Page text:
I should point out here that Prohibition did not make consumption of alcohol illegal. The 18th Amendment prohibited the commercial manufacture and distribution of alcoholic beverages, but it did not prohibit their use.
So if you had a connection to a smuggler bringing whisky from Scotland via Canada, for example, you could enjoy a Scotch at home without too much trouble, although the prices could be high. “The Talk of the Town” editors regularly reported black market wine and liquor prices (I include an adjoining Julian de Miskey cartoon):
Note the mention of pocket flasks, which were an important item in a purse or vest pocket when one went to a nightclub or restaurant, where White Rock or some other sparkling water was sold as a mixer for whatever you happened to bring with you. You see a lot of this type of advertisement in the Prohibition-era New Yorker:
I’ll bet those grinning golfers have something in their bags besides clubs.
And then there were ads like these, which I find terribly sad:
“The Talk of the Town” also commented on the recent visit of British writer Aldous Huxley, who told his New York hosts that he admired American writers Willa Cather and Sherwood Anderson, and he also had praise for writer and critic H.L. Mencken, whom he likened to a farmer “of the better type:”
Other odds and ends from this issue…a clever drawing by Al Frueh for the “Profile” feature on New York Governor Al Smith:
I include a photo of Al Smith for comparison:
And this bit from “Of All Things,” complete with bad pun/racial slur:
New Yorker readers in 1926 had little reason to believe that in a decade Mussolini would try to make good on his statement and join Hitler in the next world war.
Here’s a couple more ads from the issue that are signs of those times. Note the listing of Florida locations for those New Yorkers who were flocking to that new winter vacation destination:
And this ad for an electric refrigerator…for those who could afford such newfangled things. The ice man was still plenty busy in 1926, but his days were numbered.
And finally, a nod to springtime, and this excerpt of an illustration by Helen Hokinson for the “Talk” section:
In her latest dispatch from Paris, correspondent Janet “Genet” Flanner offered New Yorker readers a glimpse into the French mind, its fear of “Americanization” and its perception of America’s Puritanical attitudes behind Prohibition.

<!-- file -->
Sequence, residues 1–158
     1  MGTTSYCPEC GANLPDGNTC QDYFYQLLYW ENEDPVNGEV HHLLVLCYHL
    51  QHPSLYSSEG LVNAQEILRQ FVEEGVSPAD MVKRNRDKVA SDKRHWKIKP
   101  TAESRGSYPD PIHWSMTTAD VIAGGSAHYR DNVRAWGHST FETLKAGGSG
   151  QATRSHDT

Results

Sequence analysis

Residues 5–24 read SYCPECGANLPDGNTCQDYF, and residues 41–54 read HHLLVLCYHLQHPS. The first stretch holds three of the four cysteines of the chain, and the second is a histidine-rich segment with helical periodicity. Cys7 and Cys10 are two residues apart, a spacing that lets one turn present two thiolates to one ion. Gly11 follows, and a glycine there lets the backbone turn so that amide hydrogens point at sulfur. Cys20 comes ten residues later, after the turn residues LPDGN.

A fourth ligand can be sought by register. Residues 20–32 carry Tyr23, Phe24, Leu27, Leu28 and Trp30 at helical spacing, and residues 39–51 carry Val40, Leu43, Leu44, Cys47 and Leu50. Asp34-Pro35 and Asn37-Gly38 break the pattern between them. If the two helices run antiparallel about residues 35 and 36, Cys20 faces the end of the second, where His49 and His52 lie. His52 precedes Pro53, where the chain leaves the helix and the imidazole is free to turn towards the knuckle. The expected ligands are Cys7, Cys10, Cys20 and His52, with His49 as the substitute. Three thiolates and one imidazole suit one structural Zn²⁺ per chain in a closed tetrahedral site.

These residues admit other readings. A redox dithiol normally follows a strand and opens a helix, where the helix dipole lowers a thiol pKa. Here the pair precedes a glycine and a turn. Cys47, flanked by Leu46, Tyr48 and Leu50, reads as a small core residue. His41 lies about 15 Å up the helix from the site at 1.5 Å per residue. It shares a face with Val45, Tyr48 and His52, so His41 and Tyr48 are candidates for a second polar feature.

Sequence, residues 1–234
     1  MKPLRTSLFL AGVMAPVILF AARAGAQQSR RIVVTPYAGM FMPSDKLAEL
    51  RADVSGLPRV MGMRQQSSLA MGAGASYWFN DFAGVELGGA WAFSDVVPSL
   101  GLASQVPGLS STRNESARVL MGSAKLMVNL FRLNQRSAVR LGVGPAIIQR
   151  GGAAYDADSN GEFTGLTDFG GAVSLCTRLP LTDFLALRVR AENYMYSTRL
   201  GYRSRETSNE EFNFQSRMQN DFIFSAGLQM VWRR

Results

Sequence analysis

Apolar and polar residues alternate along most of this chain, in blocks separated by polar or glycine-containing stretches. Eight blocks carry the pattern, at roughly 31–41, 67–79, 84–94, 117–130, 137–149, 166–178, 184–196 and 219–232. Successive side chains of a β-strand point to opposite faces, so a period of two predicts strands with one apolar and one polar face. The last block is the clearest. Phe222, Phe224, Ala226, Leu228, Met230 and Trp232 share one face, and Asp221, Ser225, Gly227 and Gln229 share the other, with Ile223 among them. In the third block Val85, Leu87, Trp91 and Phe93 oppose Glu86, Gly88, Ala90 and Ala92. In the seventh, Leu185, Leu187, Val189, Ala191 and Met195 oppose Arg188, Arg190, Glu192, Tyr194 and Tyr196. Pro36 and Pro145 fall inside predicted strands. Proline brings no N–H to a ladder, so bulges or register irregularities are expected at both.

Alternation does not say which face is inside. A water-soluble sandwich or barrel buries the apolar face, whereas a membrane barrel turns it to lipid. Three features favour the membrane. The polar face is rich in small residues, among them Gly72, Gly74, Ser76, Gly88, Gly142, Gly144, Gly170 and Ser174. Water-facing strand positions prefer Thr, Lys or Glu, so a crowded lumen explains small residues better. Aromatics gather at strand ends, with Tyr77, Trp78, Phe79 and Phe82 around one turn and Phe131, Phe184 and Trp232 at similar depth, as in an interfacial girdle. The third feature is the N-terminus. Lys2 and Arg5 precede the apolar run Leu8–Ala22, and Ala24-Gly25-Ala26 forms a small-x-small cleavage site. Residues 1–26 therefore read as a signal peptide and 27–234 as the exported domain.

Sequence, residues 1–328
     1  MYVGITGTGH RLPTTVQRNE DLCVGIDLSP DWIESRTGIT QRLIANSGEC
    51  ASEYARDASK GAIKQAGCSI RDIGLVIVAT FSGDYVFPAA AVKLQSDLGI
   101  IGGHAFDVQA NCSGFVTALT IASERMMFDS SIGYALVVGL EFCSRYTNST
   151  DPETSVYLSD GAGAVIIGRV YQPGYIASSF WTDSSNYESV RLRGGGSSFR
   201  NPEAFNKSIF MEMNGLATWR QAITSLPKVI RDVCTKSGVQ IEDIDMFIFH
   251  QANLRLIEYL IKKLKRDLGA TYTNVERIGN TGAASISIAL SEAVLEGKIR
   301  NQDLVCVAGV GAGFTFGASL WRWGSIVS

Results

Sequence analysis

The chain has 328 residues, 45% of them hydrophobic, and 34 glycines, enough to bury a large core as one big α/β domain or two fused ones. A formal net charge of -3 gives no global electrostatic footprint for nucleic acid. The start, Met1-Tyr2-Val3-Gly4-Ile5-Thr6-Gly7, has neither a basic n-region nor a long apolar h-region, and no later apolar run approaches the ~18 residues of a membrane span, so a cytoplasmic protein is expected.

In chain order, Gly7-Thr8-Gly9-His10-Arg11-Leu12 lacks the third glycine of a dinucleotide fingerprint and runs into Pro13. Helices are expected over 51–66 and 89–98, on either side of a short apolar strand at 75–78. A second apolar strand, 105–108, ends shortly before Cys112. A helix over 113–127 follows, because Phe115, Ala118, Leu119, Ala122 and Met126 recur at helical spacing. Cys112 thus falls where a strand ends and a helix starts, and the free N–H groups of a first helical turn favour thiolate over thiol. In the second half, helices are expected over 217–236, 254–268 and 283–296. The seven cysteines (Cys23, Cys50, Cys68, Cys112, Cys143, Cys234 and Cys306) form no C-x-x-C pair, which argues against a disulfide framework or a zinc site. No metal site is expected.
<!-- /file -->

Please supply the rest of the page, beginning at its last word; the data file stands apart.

All the more reason the French were bemused by reports that American and English citizens led the lists of reported drug raids in the City of Light…
or that somehow Prohibition was a question of theological differences:
The April 3, 1926 issue also offered up some curious advertisements. Aiming square at the grasping Anglophilia of New Yorker readers, here’s a pitch for a used Rolls Royce:
And with the money left over from your savings on the used Rolls, you could buy this 47-foot cruiser from the American Car and Foundry Company:
Moving along to the April 10, 1926 issue (cover designed by H.O. Hofman)…
…I discovered this clever “map” by John Held Jr. For fans of “Boardwalk Empire” or other 1920s gangster-themed fare, Held’s map confirms it was no secret that Atlantic City was a major port for rum runners:
Also on the theme of Prohibition, cartoonist James Daugherty (Jimmy the Ink) had some fun with New Yorker colleague Lois Long (aka “Lipstick”) by pairing her with New York’s top Prohibition prosecutor Emory Buckner in this unlikely scenerio:
Note the lock on the fire hydrant. Padlocking restaurants and clubs suspected of selling alcohol was a favorite tactic of Buckner and his agents. Long famously took him task in her Oct. 31, 1925 “Tables for Two” column. You can read about it here in my previous post, “How Dry I Am.”
Although they didn’t know it, thirsty New Yorkers still had more than six and half of years of Prohibition to endure, and business was brisk for the rum runners who plied the coastal waters.
The March 6, 1926 issue featured the article “Rum Runners Must Live,” in which writer Emile C. Schnurmacher described the heroic efforts of bootleggers and rum runners in keeping New York’s countless speakeasies (and many home liquor cabinets) well stocked. Some 30,000 speakeasies were opened in New York City alone during the Prohibition era.
Schnurmacher described the risky game of running “overboard stuff:”
He told of how one rum-running boat, the Sea Bird, made its way through Flushing Bay (to pick up bootleg Scotch) while evading the Coast Guard:
The boat later successfully delivered the “Scotch” near Yankee Stadium:
“The Talk of the Town” offered its regular update on bootleg prices. The local “synthetic” gin was reported to be of better quality than the imports, surprising given that synthetics poisoned a good number of folks back then: